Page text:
Canadian Engine

Windsor’s Tyrone Crawford has earned one of the most important jobs on the Cowboys defense.

In Defensive Coordinator Rod Marinelli’s defense, the “under tackle” (also called the 3-technique) is the engine.

Crawford, who was coming off an injury, moved to the position last season to be Henry Melton’s backup. He excelled while learning on the fly – recording three sacks, 29 quarterback pressures and four tackles for loss – eventually taking the job from Melton.

As the Dallas Star Telegram’s Charean Williams writes, Crawford “now stands as one of the defensive linemen the Cowboys are counting on after letting Melton go.”

Williams points out that Crawford’s off-season work has revolved around becoming a better 3-technique instead of trying to figure out where he’s going to play next season.

“I changed up the way I work out, the different things I can do, different things I can focus on knowing where I’m going to be,” Crawford told Williams “It’s good for me. I’ve worked out to the position, so I’ve worked out working quicker rushes, inside rushes. I know what I do now. So, that’s just how I worked out in the off-season, just the things that I do for tackle, working on them a lot more. Repping them out.”

Williams’ complete article

ESPN’s Todd Archer reports that earning the job couldn’t have come at a better time for the Windsor native. Crawford is set to make $675,000 in the final year of his rookie contract and will be a free agent after this season.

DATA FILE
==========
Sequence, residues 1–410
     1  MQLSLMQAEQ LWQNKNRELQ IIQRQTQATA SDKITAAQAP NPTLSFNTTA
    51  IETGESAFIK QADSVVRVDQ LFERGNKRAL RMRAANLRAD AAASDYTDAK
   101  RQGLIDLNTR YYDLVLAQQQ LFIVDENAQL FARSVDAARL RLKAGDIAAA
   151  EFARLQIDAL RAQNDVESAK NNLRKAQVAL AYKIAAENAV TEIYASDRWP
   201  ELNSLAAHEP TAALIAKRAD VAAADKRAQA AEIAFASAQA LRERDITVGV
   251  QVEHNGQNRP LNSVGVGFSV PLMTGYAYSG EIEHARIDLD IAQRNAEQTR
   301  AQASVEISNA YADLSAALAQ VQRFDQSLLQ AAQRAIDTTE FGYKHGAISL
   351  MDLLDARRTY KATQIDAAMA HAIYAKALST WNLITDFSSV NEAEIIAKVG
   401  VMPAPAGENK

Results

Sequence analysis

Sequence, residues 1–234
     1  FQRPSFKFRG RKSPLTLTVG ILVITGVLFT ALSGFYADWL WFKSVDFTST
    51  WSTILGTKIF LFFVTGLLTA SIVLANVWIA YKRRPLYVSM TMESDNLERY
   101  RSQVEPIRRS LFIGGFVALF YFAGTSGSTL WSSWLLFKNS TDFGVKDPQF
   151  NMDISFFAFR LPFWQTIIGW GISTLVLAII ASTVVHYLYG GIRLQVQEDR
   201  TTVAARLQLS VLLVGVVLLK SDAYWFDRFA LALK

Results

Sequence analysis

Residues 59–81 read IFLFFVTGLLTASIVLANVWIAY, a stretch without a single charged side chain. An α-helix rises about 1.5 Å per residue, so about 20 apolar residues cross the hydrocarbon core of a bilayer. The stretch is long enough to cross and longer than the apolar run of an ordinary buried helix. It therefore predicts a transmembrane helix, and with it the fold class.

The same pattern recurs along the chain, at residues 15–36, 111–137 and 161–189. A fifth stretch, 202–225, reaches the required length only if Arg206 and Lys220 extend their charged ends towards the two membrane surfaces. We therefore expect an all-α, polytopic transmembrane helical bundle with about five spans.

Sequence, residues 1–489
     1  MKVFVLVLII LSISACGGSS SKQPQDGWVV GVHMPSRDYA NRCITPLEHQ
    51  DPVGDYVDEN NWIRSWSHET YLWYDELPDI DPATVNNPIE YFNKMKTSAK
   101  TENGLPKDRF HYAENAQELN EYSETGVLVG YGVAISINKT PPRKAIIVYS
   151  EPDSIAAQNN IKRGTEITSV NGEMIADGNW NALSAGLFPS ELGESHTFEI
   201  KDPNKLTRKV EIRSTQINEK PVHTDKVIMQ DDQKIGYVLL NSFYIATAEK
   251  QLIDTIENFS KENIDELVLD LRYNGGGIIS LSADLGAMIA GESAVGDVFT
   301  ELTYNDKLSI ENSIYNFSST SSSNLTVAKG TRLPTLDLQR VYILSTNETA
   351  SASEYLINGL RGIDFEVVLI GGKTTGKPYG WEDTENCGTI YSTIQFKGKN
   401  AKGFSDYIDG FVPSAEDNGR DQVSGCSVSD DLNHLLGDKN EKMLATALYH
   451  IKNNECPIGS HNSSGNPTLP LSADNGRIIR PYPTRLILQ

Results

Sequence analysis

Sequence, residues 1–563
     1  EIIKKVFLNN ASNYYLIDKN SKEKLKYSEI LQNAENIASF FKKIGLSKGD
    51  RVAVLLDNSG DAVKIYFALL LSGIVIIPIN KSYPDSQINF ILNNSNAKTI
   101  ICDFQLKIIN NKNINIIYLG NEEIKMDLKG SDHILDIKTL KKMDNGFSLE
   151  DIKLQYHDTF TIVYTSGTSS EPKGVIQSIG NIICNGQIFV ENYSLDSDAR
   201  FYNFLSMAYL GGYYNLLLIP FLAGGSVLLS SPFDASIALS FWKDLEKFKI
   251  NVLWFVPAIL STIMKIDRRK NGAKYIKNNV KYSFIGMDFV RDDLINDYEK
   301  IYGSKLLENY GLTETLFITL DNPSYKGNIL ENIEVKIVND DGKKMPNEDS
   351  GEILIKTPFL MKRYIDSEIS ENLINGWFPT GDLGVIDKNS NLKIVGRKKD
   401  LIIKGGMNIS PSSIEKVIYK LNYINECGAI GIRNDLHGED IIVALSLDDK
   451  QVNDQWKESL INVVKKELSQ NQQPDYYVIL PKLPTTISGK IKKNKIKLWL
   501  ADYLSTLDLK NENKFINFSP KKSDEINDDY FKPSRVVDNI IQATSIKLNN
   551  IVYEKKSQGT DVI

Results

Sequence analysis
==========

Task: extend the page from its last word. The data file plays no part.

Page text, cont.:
Archer points out that the Cowboys have a long history of doing long-term deals with players they believe to be cornerstone parts of their team (he points to Shawn Lee and Tyron Smits as recent examples).

Not many predicted that the former OVFL Essex Raven would be in this position after missing 2013 with a torn Achilles.

“In order to get him to sign an extension and take himself off what will be his best chance of hitting the open market next winter, the Cowboys will have to offer big money but not so big that it swells the curve for future deals,” writes Archer. “Getting to that number could prove tricky, but as a former third-round pick, Crawford might have to decide whether to make great money now is worth passing only possible super money later if he has the type of 2015 season the Cowboys expect.”

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